In a quiet offseason, any topic is good to write about. This post is about the Gold Glove (GG). The GG lacks the luster of the MVP and CY, but it still is relevant enough to encourage some healthy discussion (check this and this out). I will attempt to answer three questions:
As we see above, GG winners in 2006 were, on average, the 11th best in FP% and 10th best on Def. While FP%'s rank went continuously down until 2010-2011, it has then gone back up to the 10th - 12th rank range. Conversely, the average Def rank remained steady (at 10th) until 2013. However, for the last 3 years, Gold Gloves winners were the 6th best on Def on average, a 40% improvement. So it looks we are moving away from the Fielding percentage but, most importantly, from the "scout's eye test" (e.g. Torii Hunter, 2007) or just who's the best/popular hitter at the position (e.g. Derek J2ter in 2010). Now, some of this shift can be attribute to a 2013 agreement between MLB, Rawlings and the Society for American Baseball Research (SABR) to develop a mixed criteria to determine GG winners. The new selection process continued to have managers and coaches' votes on the driver's seat accounting for 75% of the votes, but it added the SABR Defensive Index (SDI) to improve the results. While the results might have been tilted by SDI, votes have had a shift that goes above and beyond SDI, probably into the voters' deeper understanding of the game and widely available data on fielding performance.
Now, let validate whether voters evaluate each position differently.
First basemen: 1B seems to be a position where FP% still holds large relevance. In the last 11 years only twice Def rank was lower than FP%, in 2014 and 2016. In 2014, though, both FP and Def valued Eric Hosmer's and Adrian Gonzalez's defense poorly. In 2016, Mitch Moreland and Anthony Rizzo took the GG home. Moreland was ranked 1st in both Def and FP% making harder to evaluate whether voter's change their mindset, Rizzo, however, ranked 7th on FP% and 3rd in Def.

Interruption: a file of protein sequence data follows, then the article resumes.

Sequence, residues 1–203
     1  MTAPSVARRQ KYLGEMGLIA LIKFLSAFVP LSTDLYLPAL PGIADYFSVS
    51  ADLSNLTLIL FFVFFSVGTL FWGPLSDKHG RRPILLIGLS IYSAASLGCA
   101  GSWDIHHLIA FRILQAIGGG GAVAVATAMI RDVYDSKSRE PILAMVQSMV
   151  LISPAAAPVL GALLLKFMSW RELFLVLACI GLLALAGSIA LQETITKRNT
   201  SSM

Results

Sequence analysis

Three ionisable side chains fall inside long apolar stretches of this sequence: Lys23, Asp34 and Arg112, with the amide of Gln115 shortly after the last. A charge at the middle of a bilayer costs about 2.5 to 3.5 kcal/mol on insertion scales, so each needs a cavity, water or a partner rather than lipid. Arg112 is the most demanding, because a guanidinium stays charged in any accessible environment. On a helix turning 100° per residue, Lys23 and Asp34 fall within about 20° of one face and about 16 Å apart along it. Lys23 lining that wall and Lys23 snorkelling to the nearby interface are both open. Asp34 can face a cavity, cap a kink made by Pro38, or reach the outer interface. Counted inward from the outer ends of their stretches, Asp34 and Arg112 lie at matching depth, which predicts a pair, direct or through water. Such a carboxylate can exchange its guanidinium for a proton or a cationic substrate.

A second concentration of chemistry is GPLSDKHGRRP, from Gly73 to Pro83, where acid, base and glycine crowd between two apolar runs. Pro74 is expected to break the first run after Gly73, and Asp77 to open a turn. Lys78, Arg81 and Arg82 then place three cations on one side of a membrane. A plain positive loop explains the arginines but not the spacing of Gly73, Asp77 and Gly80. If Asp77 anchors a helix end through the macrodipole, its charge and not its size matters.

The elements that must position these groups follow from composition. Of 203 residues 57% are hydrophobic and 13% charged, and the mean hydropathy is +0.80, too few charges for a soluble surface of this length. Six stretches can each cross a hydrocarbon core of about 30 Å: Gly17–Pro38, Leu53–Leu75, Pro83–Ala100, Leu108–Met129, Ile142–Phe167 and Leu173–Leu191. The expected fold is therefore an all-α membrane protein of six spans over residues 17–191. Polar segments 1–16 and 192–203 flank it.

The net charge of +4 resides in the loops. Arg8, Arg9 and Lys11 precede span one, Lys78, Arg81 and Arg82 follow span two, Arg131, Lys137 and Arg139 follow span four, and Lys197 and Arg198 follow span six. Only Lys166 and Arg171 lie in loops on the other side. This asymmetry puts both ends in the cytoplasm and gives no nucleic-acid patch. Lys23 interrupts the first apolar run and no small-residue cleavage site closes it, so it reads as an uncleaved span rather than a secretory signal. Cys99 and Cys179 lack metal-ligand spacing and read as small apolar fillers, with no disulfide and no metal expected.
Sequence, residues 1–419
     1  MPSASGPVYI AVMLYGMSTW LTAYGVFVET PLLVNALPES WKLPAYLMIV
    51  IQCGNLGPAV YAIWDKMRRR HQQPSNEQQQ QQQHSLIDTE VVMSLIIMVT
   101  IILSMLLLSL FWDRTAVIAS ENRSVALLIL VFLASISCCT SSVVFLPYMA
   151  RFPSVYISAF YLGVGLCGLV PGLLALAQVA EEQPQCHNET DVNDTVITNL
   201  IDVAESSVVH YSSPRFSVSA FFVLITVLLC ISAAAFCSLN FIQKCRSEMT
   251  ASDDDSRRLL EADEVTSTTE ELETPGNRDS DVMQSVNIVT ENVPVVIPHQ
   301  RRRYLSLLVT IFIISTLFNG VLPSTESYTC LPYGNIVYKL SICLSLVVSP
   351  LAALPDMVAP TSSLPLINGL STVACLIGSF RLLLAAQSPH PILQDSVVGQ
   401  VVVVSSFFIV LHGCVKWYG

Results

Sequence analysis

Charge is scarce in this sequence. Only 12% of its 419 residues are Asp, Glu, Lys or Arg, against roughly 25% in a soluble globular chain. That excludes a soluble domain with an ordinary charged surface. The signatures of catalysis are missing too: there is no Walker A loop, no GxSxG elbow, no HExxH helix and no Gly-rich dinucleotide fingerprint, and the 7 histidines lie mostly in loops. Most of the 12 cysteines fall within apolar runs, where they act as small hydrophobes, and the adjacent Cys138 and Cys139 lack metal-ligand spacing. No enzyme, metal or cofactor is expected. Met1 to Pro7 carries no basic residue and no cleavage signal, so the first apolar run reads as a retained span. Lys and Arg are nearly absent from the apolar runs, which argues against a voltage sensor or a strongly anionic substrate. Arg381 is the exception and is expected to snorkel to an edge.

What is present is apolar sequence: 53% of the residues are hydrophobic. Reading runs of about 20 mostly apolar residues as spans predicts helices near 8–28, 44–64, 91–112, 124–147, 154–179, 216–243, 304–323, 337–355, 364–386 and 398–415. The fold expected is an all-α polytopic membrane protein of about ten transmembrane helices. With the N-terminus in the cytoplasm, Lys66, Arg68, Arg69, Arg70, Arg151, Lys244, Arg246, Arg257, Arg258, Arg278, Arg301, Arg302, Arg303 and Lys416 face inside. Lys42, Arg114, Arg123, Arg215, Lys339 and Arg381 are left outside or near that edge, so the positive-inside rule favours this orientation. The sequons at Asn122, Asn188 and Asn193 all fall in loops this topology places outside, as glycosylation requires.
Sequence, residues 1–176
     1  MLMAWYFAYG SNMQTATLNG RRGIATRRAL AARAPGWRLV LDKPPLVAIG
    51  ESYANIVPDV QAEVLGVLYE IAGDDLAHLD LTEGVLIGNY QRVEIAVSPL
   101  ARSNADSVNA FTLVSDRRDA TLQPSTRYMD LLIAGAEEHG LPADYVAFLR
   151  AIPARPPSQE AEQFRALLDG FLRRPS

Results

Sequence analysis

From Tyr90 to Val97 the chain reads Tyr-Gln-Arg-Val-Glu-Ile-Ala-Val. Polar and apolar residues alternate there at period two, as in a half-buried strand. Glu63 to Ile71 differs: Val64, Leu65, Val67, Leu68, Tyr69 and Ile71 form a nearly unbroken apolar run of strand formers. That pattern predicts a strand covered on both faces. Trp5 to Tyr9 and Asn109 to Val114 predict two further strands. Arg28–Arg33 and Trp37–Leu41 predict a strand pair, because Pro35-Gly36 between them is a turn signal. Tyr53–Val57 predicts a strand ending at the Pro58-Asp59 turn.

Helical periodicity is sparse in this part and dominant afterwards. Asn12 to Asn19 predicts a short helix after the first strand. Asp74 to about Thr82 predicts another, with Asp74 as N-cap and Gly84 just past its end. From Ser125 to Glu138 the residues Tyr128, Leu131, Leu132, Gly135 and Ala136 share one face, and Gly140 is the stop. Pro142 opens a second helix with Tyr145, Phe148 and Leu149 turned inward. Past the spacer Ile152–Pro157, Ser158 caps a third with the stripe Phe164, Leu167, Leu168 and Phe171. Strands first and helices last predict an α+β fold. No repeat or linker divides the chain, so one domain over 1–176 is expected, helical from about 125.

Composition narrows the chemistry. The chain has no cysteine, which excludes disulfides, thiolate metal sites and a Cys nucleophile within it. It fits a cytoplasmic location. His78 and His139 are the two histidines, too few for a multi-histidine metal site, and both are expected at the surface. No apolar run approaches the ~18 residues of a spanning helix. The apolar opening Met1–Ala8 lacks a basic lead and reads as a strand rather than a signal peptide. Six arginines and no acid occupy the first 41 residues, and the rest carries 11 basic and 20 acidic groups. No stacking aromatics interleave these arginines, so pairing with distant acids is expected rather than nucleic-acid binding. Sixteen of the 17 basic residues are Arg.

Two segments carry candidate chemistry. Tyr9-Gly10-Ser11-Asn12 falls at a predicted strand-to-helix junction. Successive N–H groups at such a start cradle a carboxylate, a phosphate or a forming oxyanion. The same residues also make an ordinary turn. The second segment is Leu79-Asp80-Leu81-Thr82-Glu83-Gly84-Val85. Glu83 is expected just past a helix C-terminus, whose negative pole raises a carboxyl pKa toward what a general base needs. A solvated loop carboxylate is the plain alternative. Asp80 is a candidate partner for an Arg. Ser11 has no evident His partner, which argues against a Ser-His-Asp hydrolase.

Third basemen: 3B portraits a different picture from 1B. Voters appear to rely on Def as an input for defense performance. 2012 was the last year when FP% rank was lower than Def rank. And it was by a small margin. That year Chase Headley won the Gold Glove with San Diego, edging David Wright who had better FP% and his run value was twice as good as Headley's. Events such as 2007, when Beltre and Wright won despite posting average Def and FP% numbers, are outliers in this position.
Second basemen: 2B is one position where a shift can be easily spotted. First, voters are giving it to the best fielder. The height of the bars is trending down and that's a good thing. Secondly, Def has been lower than FP% in 5 of the last 6 years, with 2015 being the exception.
Shortstop: Even more so than 2B, SS has shifted towards Def than any other position. Interestingly, since 2013, voters seem to pay little attention to FP (or perhaps FP has little relation to Def?) as GG winners have ranked approximately as 2nd on Def but 8th on FP%, which is the opposite of what happened pre-2013. 2012's winners were an obvious choice for voters - Robinson Cano and Darwin Barney performed exceptionally well in FP% and Def and left no room for disagreements.
Outfielders: Just like with SS, there is a clear turning point - in this case was 2012. Since then Def has always been lower than FP%, by some considerable margin. Long gone are the days where poor defenders with high FP% are recognized ('08 Nate McLouth or '11 Nick Markakis, I'm looking at you)
I can't pinpoint exactly when it happened but the Gold Glove award's voters are embracing analytical defensive metrics more than in the part, in particular Def as highlighted in this exercise. Even though the sabermetric community has had defense analysis at the heart of their research, it has admittedly not progressed as quickly as in other areas. New developments made through Statcast make the future bright though. The incorporation of SDI in 2013 was definitely a boost, but more needs to happen for us to get to a system where the Gold Glove awards is not a popularity contest nor an award for players that do what scouts love but doesn't necessarily work.
Lastly, I will leave you with a table of Gold Glove recipients that did not deserve to win and some player that should have won based on what the raw numbers say.
All Def and FP% stats are from Fangraphs. Gold Glove data is from baseball-reference.
By Oswaldo Gonzalez